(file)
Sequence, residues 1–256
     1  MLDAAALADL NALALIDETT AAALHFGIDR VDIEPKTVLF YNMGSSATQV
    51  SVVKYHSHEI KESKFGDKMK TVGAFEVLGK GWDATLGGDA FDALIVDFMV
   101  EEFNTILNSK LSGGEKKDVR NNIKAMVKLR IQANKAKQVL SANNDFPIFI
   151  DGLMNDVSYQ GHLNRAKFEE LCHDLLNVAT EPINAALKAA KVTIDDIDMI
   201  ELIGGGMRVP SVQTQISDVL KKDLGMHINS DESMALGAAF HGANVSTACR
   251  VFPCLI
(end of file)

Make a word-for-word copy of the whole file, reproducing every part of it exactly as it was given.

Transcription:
Sequence, residues 1–256
     1  MLDAAALADL NALALIDETT AAALHFGIDR VDIEPKTVLF YNMGSSATQV
    51  SVVKYHSHEI KESKFGDKMK TVGAFEVLGK GWDATLGGDA FDALIVDFMV
   101  EEFNTILNSK LSGGEKKDVR NNIKAMVKLR IQANKAKQVL SANNDFPIFI
   151  DGLMNDVSYQ GHLNRAKFEE LCHDLLNVAT EPINAALKAA KVTIDDIDMI
   201  ELIGGGMRVP SVQTQISDVL KKDLGMHINS DESMALGAAF HGANVSTACR
   251  VFPCLI